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I am a cell and molecular biologist interested in deciphering the function of proteins that have an impact for human health but have not been yet fully characterized. I have participated in studies across a variety of topics (the malaria parasite (Plasmodium spp.), the ubiquitin system and the regulation of insulin secretion) and have therefore experience with different cellular models as well as useful techniques for the study of protein function.
Short‐chain 3‐hydroxyacyl‐CoA dehydrogenase (SCHAD), encoded by the HADH gene, is a ubiquitously expressed mitochondrial enzyme involved in fatty acid oxidation. This protein also plays a role in insulin secretion as recessive HADH mutations cause congenital hyperinsulinism of infancy (CHI) via loss of an inhibitory interaction with glutamate dehyd...
The proteasome is the major non-lysosomal proteolytic machine in cells that, through degradation of ubiquitylated substrates, regulates virtually all cellular functions. Numerous accessory proteins influence the activity of the proteasome by recruiting or deubiquitylating proteasomal substrates, or by maintaining the integrity of the complex. Here...
A proper cellular adaptation to low oxygen levels is essential for processes such as development, growth, metabolism, and angiogenesis. The response to decrease in oxygen supply, referred to as hypoxia, is also involved in numerous human diseases including cancer, inflammatory conditions, and vascular disease. The hypoxia-inducible factor 1-α (HIF-...
I will do an enzymatic assay using a-ketoglutarate as substrate and I am wondering about the proper way to prepare and store this compound. As long as I could find out, it would be OK to dissolve it in water and store it in aliquots at -20*C. Is that correct? What about the stability? for how long is should be good to use?
I am trying to produce my protein of interest fused to an N-terminal GST tag in BL-21 e.coli cells. In general, I can produce the protein but most of it remains in the pellet after cell lysis. I have tried plenty of conditions to improve the solubility but I have not succeeded. I only get small improvements and most of the protein remains in the pellet.
The conditions I have tried are the following:
* Different temperatures: 28'C / 15'C
* Additives: EtOH / Glycerol / Triton
* Different IPTG concentrations: 0,05mM - 1 mM
* Different times of induction: 0,5 - 16 hours
* Different lysis buffers: pH 5 - 9 / NaCl 50mM - 2 mM
* Different lysis methods: Lysis buffer for bacteria / Sonication / Sonication + Lysozyme / French press
Do you think there is something else worth trying?. According to ExPASy predictions my protein (including the GST tag) should be very soluble.
Hi! I am measuring the activity of my enzyme of interest through the decrease on the absorbance at 340 nm (to detect the disappearance of NADH). I am measuring every minute for 8 minutes, and I am using an amount of protein that produce a nearly straight line when plotted Time vs. Absorbance. I am confused regarding the way in which I should report my data, and what kind of calculations I can do and information I can get, according to the source of my enzyme (The main objective of my study is to compare the activity of different mutants):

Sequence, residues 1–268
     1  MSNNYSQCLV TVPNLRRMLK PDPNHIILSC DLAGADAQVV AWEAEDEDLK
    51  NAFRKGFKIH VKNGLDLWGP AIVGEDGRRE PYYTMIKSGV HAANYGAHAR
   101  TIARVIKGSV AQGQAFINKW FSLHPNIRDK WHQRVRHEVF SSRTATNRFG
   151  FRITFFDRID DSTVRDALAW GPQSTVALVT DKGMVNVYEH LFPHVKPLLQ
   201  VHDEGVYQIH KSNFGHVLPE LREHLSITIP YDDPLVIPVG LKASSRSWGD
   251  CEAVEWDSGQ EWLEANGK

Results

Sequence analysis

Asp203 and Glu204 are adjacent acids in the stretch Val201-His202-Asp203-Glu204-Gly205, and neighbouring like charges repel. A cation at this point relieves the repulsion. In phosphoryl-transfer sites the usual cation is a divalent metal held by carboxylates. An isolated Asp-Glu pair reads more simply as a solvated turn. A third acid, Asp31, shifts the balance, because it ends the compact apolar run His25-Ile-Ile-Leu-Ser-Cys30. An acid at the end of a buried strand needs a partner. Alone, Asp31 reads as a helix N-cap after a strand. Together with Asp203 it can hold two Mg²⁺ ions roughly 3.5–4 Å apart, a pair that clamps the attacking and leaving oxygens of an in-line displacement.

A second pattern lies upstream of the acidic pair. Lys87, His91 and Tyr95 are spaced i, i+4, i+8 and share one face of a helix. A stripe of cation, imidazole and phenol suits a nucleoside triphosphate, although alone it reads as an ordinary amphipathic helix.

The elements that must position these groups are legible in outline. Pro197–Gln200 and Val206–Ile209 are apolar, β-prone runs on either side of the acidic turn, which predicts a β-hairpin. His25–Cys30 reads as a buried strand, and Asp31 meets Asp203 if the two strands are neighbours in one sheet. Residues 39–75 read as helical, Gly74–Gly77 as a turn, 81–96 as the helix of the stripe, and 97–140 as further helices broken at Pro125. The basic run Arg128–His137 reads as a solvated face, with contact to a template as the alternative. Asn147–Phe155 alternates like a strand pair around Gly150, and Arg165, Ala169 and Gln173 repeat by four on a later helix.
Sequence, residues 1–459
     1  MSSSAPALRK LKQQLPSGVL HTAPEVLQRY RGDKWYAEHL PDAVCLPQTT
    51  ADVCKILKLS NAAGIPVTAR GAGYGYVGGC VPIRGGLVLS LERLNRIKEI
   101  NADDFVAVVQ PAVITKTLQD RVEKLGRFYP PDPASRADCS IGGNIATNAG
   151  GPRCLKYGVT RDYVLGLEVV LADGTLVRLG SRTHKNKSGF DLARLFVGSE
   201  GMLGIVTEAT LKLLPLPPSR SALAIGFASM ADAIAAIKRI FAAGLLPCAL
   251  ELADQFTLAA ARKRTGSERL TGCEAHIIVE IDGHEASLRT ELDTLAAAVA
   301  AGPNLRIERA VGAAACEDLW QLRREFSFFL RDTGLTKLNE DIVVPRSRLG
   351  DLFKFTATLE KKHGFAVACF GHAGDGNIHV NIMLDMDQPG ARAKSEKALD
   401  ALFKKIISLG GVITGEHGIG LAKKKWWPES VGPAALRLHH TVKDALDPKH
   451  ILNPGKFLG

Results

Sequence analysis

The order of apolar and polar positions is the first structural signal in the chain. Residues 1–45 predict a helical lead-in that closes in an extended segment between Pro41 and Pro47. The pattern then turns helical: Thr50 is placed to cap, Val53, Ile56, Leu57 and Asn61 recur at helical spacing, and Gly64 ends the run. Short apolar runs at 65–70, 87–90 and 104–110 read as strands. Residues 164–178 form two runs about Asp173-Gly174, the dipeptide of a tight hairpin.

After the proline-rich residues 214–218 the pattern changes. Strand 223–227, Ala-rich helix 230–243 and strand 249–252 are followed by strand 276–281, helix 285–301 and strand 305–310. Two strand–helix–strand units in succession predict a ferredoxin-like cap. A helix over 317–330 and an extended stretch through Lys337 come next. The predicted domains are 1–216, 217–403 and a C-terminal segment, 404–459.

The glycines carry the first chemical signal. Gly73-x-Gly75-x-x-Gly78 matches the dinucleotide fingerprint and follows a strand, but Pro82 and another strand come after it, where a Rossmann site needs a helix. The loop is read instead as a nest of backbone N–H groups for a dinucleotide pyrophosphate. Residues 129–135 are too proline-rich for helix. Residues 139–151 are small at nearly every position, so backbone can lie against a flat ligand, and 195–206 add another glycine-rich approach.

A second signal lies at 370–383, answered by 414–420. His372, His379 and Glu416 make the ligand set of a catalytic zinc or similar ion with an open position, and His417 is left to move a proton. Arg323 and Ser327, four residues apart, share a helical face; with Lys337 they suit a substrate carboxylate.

* Total lysate from transfected cells, that over-express my enzyme of interest.
* Cell free transcription/translation system (TNT).
* Purified recombinant protein expressed in E. Coli.
My guess is that I can calculate different things when, for example I use the recombinant vs. the cell lysate. I also guess that these different systems to test the activity can be complementary to each other.
Besides getting answers to this question, I would be happy if you could recommend some literature that could help me to clarify and deepen my knowledge on these issues.
Hi! I am performing and enzymatic assay, where Acetoacetyl-CoA is the substrate. I have gotten the Acetoacetyl-CoA powder that SIGMA sells (5 mg). I think it would be easier to handle if I just make a solution with all the powder, and store it in aliquotes for later use. However, I am not sure which solvent should I use to dissolve Acetoacetyl CoA. The buffer for my enzymatic assay is a phosphate buffer pH 7. SIGMA only says that this compound is soluble on water, but I have read that the Acetoacetyl-CoA solution should be in a pH between 4 and 6 to be stable for several months. Any suggestions? I need to use a solvent that will not interfere with my enzymatic assay. Thanks! :)
I want to use it as a co-factor of an enzymatic reaction, to evaluate the enzymatic performance of the enzyme and the kinetics of the reaction. I have read that it can be very tricky to work with NADH as it is hygroscopic, can oxidize and can form inhibiting compounds when dissolved and stored. Is there perhaps any NADH that is sold in solution?.
I am trying to express my protein of interest in a TNT cell free expression system (Promega, L1170). My protein is tagged With V5 and His tags. The problem is when I run the samples in a western blot, though I can see a band of the proper molecular weight (about 37 kDa), I see a smear under it. I attach a picture so you can see what I mean. In the lines 2 and 3 I am using the anti HA ab, and in 4 and 5 the anti His. (The first one is a marker and in the last two I am using an antibody against the protein that does not seem to recognize my tagged protein very well).
I followed the instructions of the manufacturer. I also tried adding protease inhibitors, but I get the same results.
Anybody has any ideas?